The revised guideline further clarifies that the “means” component in an apparatus claim corresponding to a computer program-implemented method claim is regarded as a program module, and the apparatus comprising such means is regarded as program module architecture.
More significantly, according to the revised guideline, an apparatus claim relating to computer programs is not required to be limited to “means plus function” as it used to be, but other forms of claim drafting such as “process plus memory storing computer program instructions” also become acceptable, just as in the US, EU and many other jurisdictions.
In summary, with respect to inventions relating to computer programs, more ways of claim drafting are allowable, including but not limited to: a method comprising various steps; a computer readable storage medium on which computer program instructions for performing various steps are stored; an apparatus comprising modules [means] for performing various steps; and an apparatus comprising at least a processor and a memory on which computer program instructions, when executing on the processor, for performing various steps are stored.
Changes to the guideline with respect to the invalidation procedure relate to two aspects: (1) relaxing the restriction on manners of amendment during invalidation proceedings; and (2) consequently allowing adding grounds for invalidation.
For a long time, in accordance with the guideline, the manners of amendment permissible during invalidation proceedings were limited to cancellation of claim, combination of claims, and cancellation of technical solution. In the revised guideline, combination of claims is deleted, while two other manners of amendment, i.e. further limitation to claim, and correction of apparent error in the claims, are added.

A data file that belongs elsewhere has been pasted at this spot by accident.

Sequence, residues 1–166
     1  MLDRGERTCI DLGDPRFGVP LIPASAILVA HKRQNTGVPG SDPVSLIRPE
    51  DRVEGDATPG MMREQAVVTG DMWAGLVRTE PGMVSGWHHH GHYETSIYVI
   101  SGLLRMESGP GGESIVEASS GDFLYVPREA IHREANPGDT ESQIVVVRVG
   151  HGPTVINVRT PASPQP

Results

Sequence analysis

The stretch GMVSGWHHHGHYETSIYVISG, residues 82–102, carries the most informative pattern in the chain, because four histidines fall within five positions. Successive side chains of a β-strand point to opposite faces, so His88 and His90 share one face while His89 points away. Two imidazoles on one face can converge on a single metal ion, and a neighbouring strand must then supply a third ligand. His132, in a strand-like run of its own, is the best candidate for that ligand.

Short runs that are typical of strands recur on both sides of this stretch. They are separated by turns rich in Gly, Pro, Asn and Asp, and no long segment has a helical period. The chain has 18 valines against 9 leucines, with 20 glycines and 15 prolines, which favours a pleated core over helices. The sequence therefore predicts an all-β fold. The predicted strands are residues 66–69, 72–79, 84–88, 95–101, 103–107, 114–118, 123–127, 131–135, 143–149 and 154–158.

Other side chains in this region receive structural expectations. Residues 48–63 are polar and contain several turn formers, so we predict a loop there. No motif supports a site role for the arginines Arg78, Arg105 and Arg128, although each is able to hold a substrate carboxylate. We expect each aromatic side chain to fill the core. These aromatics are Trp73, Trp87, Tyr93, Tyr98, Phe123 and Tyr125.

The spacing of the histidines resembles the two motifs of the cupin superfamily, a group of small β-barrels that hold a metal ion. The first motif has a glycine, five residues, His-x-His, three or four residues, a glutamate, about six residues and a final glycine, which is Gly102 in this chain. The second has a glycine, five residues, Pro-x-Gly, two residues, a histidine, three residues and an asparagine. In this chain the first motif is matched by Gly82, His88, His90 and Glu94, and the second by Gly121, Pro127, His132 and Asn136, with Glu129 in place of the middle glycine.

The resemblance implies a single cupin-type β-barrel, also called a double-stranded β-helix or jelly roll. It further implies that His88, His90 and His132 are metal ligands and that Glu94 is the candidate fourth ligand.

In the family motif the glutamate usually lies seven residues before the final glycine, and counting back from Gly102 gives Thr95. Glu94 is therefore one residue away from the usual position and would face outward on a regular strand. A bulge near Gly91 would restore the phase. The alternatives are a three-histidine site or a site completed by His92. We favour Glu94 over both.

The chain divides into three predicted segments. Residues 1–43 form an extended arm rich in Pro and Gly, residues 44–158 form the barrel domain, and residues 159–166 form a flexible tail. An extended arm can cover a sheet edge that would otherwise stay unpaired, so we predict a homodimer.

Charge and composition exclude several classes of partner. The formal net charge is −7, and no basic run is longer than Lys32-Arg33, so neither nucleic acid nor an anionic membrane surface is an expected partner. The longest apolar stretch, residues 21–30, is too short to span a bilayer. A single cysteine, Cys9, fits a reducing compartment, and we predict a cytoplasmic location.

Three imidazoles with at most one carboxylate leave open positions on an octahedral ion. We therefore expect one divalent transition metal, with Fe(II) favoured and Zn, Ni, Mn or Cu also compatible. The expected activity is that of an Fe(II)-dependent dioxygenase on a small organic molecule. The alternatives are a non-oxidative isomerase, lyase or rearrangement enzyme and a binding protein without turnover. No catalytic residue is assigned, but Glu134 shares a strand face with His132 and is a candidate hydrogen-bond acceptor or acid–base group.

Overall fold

Further limitation to claim is limited to incorporating into a claim one or more technical features recited in other claim(s), so as to narrow the extent of protection. Incorporating features from the description is still not permissible. It could be found that the Chinese Patent Office endeavours to seek a balance between enhancing the protection of patentees and not prejudicing the reliance interest on the part of the public.
In response to the amendment made by the patentee other than cancellation of claim, the petitioner of the invalidation proceeding is allowed to add new invalidation grounds, accordingly, directed to the amended content. Herein “amendment other than cancellation of claim” includes both further limitation to claim and correction of apparent error.
According to the previous guideline, the petitioner was allowed to introduce new evidence once the patentee made amendments in the manner of combination of claims or adduced counter-evidence. In the revised guideline, the petitioner is no longer allowed to introduce new evidence in response to the further limitation to claim made by the patentee. The reason is quite clear: further limitation to claim is made within the features recited in the granted claims, as such the petitioner only needs to reorganize the evidence, without the necessity of adding new evidence.
CCPIT PATENT AND TRADEMARK LAW OFFICE
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158 Fuxingmennei Street
Beijing 100031, China